Sen. Feinstein cedes power of attorney to daughter

August 4, 2023
Robert Ayers

U.S. Sen. Dianne Feinstein (D-CA) has just ceded the power of her attorney to her daughter, the New York Times reports

This in itself, however, is not the story. The story is that, despite ceding the power of attorney to her daughter, Feinstein still remains a U.S. senator.

There is an obvious incongruity here.

How can one be fit enough to remain a U.S. senator but, at the same time, not be fit enough to retain the power of attorney?

The details

On Thursday, the Times released a report, titled, For an ailing Feinstein, a fight over the family fortune. 

The piece's subheading reads, "As Dianne Feinstein, 90, struggles to function in the Senate, a dispute within her family over control of her husband's estate is another difficult chapter at the end of a long career."

It is in this context that the Times reveals that Feinstein has ceded power of attorney to her daughter - 66-year-old Katherine Feinstein - to deal with the ongoing legal dispute over her late husband's assets.

"Katherine Feinstein, 66, Senator Feinstein’s only child, who has power of attorney over her mother’s legal affairs, filed two lawsuits against Senator Feinstein’s co-trustees," the Times' report reads.

Michael Klein, a lawyer representing the co-trustees, says that he was not informed that Katherine Feinstein has been appointed power of attorney. And, he added:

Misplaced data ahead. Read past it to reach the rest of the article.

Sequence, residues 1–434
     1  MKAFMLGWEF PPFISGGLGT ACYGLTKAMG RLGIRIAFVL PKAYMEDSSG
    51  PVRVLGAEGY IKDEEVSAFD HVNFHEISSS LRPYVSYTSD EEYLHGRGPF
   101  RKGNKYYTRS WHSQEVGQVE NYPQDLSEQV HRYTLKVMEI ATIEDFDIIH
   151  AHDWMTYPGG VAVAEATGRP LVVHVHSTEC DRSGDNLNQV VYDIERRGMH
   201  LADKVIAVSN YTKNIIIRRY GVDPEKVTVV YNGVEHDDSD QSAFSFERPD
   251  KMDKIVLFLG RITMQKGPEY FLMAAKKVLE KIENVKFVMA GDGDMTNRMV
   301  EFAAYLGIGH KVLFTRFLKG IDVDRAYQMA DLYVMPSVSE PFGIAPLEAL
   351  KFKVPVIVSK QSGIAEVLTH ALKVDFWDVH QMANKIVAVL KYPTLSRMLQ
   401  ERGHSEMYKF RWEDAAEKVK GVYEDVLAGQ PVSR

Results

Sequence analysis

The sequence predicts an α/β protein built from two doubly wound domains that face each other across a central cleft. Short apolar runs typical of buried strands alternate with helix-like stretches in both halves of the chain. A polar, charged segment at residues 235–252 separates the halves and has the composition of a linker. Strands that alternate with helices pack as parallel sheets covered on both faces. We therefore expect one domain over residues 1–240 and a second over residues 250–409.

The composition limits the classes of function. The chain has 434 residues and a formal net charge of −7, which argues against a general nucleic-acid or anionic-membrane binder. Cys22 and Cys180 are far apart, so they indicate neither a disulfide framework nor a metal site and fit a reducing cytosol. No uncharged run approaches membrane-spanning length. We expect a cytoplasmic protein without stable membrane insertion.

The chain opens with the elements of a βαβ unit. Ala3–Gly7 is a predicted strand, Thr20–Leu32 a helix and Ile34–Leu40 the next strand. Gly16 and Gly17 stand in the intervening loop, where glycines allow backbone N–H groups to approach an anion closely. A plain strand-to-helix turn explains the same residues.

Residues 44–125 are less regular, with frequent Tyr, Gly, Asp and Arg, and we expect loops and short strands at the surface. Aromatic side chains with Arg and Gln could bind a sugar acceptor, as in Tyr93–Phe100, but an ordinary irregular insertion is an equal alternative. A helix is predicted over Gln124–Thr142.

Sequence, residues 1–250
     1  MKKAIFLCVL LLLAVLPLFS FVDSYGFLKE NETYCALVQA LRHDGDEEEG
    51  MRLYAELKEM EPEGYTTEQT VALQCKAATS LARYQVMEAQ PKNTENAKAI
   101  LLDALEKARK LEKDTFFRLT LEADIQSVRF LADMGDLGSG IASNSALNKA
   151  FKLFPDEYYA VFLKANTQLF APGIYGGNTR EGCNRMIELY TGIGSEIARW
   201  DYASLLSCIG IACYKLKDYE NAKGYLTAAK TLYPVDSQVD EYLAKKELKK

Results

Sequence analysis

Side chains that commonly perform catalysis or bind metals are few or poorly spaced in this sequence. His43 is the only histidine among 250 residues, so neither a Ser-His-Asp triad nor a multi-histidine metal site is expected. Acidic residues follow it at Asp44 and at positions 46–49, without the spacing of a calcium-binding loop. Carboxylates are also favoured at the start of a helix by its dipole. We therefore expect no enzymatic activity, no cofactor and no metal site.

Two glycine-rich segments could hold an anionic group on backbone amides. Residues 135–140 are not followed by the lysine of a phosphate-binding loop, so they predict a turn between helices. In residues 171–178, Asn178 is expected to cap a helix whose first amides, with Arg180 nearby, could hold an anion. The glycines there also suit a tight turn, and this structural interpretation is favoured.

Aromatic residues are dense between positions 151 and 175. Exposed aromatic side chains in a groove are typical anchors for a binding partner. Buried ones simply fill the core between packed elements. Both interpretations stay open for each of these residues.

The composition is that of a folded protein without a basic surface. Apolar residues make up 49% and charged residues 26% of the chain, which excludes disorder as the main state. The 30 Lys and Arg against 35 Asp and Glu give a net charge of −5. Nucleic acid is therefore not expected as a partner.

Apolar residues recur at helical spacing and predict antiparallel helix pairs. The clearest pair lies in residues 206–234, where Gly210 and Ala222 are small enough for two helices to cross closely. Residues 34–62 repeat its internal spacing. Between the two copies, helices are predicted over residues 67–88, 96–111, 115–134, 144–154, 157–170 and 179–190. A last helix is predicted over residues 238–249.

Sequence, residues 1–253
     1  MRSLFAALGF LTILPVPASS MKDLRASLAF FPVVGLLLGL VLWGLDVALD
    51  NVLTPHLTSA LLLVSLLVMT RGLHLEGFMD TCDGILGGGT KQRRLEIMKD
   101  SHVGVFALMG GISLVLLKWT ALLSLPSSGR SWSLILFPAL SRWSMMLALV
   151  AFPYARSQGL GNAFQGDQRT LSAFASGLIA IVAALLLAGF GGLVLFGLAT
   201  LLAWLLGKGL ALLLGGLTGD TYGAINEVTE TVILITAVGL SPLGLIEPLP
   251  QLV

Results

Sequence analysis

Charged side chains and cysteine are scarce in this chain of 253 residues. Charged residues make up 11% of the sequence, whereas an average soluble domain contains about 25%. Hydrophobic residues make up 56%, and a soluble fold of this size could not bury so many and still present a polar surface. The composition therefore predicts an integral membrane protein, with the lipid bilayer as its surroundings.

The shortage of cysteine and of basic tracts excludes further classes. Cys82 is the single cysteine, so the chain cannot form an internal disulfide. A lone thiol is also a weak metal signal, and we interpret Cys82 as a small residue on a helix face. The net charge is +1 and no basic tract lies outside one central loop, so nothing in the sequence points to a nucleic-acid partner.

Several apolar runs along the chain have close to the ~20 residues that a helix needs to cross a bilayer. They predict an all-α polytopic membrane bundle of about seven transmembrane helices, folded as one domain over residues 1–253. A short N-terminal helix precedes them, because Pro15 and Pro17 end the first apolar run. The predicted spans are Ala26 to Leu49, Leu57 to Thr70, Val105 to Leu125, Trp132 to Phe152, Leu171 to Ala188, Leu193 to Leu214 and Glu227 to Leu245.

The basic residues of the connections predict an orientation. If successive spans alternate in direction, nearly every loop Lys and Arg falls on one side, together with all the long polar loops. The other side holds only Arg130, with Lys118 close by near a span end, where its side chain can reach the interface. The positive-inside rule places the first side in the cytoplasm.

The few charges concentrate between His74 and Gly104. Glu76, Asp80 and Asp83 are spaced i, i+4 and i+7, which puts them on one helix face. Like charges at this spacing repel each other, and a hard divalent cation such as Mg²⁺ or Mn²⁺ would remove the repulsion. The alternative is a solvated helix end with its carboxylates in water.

Nor has Katherine made it clear, either in this filing or directly to my clients, why a sitting United States senator would require someone to have power of attorney over her.

This is the big question:

How could someone be fit enough to be a U.S. senator but not fit enough to have power of attorney?

The Washington Examiner explains, "Giving someone power of attorney is generally done when someone is experiencing a decline in health to the extent that they can't properly function."

The outlet adds, "Feinstein transferring it to her daughter indicates that her cognitive functions have further declined and will likely lead to further calls for her to resign."

The Times' report comes after a recent incident in the U.S. Senate in which a befuddled Feinstein was caught being told by a staffer to "just say 'aye'" during a roll call vote on a national defense bill.

Feinstein, before this and before the Times' report, had already been facing many calls - including calls from members of her own party - to resign, particularly following her recent health struggles, which caused her to take a significant absence from the U.S. Senate. The Times' report is only going to intensify these calls.

Latest News

© 2023 - Patriot News Alerts